• Sadbuttrue Sadbuttrue

    "It’s expected to continue flowing until 2016."… and then what happens, it just disappears?

    • Socrates

      Then the Strontium-90 arrives for the next 150 years. That will be in milk and fish bones.

    • norbu norbu

      Sadbuttrue, "It’s expected to continue flowing until 2016."
      N- maybe they mean the lies will continue until 2016, This mess will be here forever, + 100,000 years.

    • Daisy207

      How about all the ground water flowing over melted fuel cores for the rest of history – forever – even after we become a vacant planet in the solar system because all living things are extinct. Has anyone measured the Tritium in the ocean? All of the water coming out of Fukushima has to be over 80% tritium. That has a half life of 12 years and is a beta emitter – and behaves just like any other water molecule – gets picked up from the ocean and gets rained out all over the world.

    • AlexfromNB

      Sadly, it will just contimue to accumulate then further contaminate the food chain. I don't understand the need to throw more and more water on the coriums as the pollution just flows into the sea. We can't find or get the coriums out, so why not just cover with massive amounts of boron, cement and rocks, etc. The water from cooling is destroying the ocean!


    "If it gets into the kelp, it’s probably pretty pervasive in all the other organisms in the community." almost says it all. What's missing, is it will…

  • The list of errors in each and every article written by "experts" is not insignificant.

  • Ontological Ontological

    Seems "natural background" isn't being mentioned in this report. Maybe they learned we cant be fully filled fulla bull.

  • American Phoenix57

    Another spineless Quackademic spewing double speak. Reminds me of O'brien in Orwell's 1984.

    "You are a slow learner, Winston," said O'Brien gently.

    "How can I help it?" he blubbered. "How can I help seeing what is in front of my eyes? Two and two are four."

    "Sometimes, Winston. Sometimes they are five. Sometimes they are three. Sometimes they are all of them at once. You must try harder. It is not easy to become sane."

    George Orwell, Nineteen-Eighty Four (1948)

  • 富岡_Blue_Heron 富岡_Blue_Heron

    "The use of ‘not’ and the prefix ‘in’ creates an understatement […] ‘significant’ is both the literal and the implied meaning.”

    IOW One can't just blow it off….

  • Jebus Jebus

    Fukushima Word Results.

    Nuclear Scrabble…

    2011 – "Cold Shutdown"
    2012 – "No Imediate Harm"
    2013 – It's like a Banana"
    2014 – "Not Insignificant"
    2015 – "Fairly Small Amounts"
    2016 – "Concerned about the Minor Levels"
    2017 – "Surprised at the Average Levels"
    2018 – "Possible Significant Levels"
    2019 – "Unexpected Extreme Environmental Radiological Contamination"
    2020 – "Nuclear Olympics Cancelled"
    2021 – "Hellooo?…."

    • gordon

      I don't think that's how it's going to go.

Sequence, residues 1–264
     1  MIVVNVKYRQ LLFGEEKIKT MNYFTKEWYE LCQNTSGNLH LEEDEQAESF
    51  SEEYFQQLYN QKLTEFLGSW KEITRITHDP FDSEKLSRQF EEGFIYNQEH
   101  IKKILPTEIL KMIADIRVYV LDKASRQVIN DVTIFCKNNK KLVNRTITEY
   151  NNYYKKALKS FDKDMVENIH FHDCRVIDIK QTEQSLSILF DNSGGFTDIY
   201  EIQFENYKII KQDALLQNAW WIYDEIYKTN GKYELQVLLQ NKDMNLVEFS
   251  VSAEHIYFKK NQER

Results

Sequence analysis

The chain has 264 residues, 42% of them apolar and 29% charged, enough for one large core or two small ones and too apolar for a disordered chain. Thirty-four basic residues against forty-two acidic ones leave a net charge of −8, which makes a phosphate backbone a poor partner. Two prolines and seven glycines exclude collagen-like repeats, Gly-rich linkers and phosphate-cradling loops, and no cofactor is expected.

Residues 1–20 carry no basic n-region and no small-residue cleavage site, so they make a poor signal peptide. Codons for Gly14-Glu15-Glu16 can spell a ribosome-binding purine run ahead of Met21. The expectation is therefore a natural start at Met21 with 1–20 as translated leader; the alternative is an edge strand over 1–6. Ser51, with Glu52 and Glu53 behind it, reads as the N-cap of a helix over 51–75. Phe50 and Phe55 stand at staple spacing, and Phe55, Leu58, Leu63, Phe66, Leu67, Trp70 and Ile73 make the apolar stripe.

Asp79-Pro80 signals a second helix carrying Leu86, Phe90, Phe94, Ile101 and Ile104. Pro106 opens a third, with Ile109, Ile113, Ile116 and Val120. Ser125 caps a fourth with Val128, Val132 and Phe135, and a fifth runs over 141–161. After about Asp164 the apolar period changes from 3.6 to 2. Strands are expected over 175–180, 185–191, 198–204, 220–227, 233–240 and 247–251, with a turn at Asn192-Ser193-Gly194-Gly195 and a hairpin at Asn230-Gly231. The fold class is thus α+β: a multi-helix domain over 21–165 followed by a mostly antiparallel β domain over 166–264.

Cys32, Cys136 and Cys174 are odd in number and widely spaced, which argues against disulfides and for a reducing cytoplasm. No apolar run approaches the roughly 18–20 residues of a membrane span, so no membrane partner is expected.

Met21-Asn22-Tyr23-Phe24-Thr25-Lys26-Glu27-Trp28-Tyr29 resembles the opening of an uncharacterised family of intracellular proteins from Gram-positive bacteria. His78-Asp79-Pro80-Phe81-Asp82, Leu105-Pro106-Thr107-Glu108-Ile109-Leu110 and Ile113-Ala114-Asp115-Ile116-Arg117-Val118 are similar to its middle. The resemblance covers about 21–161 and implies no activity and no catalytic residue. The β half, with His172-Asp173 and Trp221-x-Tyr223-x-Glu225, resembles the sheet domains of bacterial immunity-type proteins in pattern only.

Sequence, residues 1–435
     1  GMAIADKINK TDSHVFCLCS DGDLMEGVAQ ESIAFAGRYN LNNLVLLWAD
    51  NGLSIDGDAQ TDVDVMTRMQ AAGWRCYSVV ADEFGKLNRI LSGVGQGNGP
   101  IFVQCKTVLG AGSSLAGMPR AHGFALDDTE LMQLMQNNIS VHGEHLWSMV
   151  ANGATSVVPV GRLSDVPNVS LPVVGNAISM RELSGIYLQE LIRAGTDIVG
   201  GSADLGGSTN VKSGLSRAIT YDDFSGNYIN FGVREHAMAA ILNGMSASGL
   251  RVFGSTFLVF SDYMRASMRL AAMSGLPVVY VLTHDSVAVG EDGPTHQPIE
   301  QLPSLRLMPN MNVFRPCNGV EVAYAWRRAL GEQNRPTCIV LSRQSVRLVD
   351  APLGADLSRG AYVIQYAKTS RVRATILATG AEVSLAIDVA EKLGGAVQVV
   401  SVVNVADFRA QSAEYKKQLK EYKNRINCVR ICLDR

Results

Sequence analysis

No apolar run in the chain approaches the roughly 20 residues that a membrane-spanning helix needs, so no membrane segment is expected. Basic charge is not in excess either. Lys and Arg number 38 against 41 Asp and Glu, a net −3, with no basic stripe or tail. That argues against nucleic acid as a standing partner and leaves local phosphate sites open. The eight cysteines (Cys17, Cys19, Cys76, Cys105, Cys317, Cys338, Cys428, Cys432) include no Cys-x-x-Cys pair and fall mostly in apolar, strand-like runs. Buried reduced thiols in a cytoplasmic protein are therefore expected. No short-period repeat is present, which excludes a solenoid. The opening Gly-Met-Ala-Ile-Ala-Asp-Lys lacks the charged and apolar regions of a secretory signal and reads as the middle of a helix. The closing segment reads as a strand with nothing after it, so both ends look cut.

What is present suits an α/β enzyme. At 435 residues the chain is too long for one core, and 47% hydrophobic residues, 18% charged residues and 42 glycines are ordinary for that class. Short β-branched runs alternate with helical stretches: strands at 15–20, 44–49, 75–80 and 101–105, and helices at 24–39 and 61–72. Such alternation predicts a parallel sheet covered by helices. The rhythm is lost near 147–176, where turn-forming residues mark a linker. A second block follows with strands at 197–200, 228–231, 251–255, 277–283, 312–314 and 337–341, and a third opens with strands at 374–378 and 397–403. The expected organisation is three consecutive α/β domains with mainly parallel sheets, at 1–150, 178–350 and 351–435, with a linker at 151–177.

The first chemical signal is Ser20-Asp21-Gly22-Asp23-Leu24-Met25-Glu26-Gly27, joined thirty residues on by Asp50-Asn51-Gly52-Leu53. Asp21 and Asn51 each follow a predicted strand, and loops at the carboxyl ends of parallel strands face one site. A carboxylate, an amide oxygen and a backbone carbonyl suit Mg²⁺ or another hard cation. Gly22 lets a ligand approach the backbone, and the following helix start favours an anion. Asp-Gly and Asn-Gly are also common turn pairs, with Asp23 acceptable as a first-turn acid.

The whole "shut them down now" crowd, there's a lot lost in that. It's not a few guys sitting in a room somewhere that are doing this. It's a really big industry that floats capital over a significant portion of the world's financial system. The problem is figuring out how to get a response out of this entity that's more like a living system than come corporate business plan.

      I feel like what's happening is more like watching a couple biological systems interact than a straight forward political battle.

      It can't just drift into 2020 the way it is now because the financial impact of the mess is going to outweigh what's floating around in investment.

      Everything is a balance. Nature dictates that a reaction comes long before the olympics.

      • Jebus Jebus

        Nature IS currently reacting.

        The evidence is overwhelming.

        The natural balance has shifted.

        How far she will react, is the question right now.

        The multifaceted assault is endless.

        Life is along for the ride.

        It's too dynamic for man's comprehension level.

        So he treats it as a game.

        Nature is the house.

        The house always wins, eventually.

        Check please…

        • gordon

          I'm not talking about the toxicity issue; that the plant is pumping radioactive isotopes out, that's there's bioaccumulation going on and all that stuff… a school kid can figure that out.

          I'm talking about a reaction from what forces can deal with containment and the medical consequences. It's not a simple matter of the president issuing an order, a collection of CEO's doing the right thing, or the various likes. The first thing that has to happen is for a very, very big financial system to calculate that the problem is causing a loss.

          Look at all the players in this. Everything from mining to weapons, and yes weapons are a gigantic part of the problem. How much exposure to the markets does that account for? The latest news out of D.C. on weapons alone is a trillion dollars over the next thirty years.

          No one man or organized group swings resources around like that. That's the nature I'm talking about. This deeper mystery of what I consider to be poorly understood economics.

          Fact of the matter though, that plant is a threat to the planet. Now. The economic interests of everything in total, that's going to push back against the system that wants to spend a trillion dollars restocking plutonium pits.

          • Socrates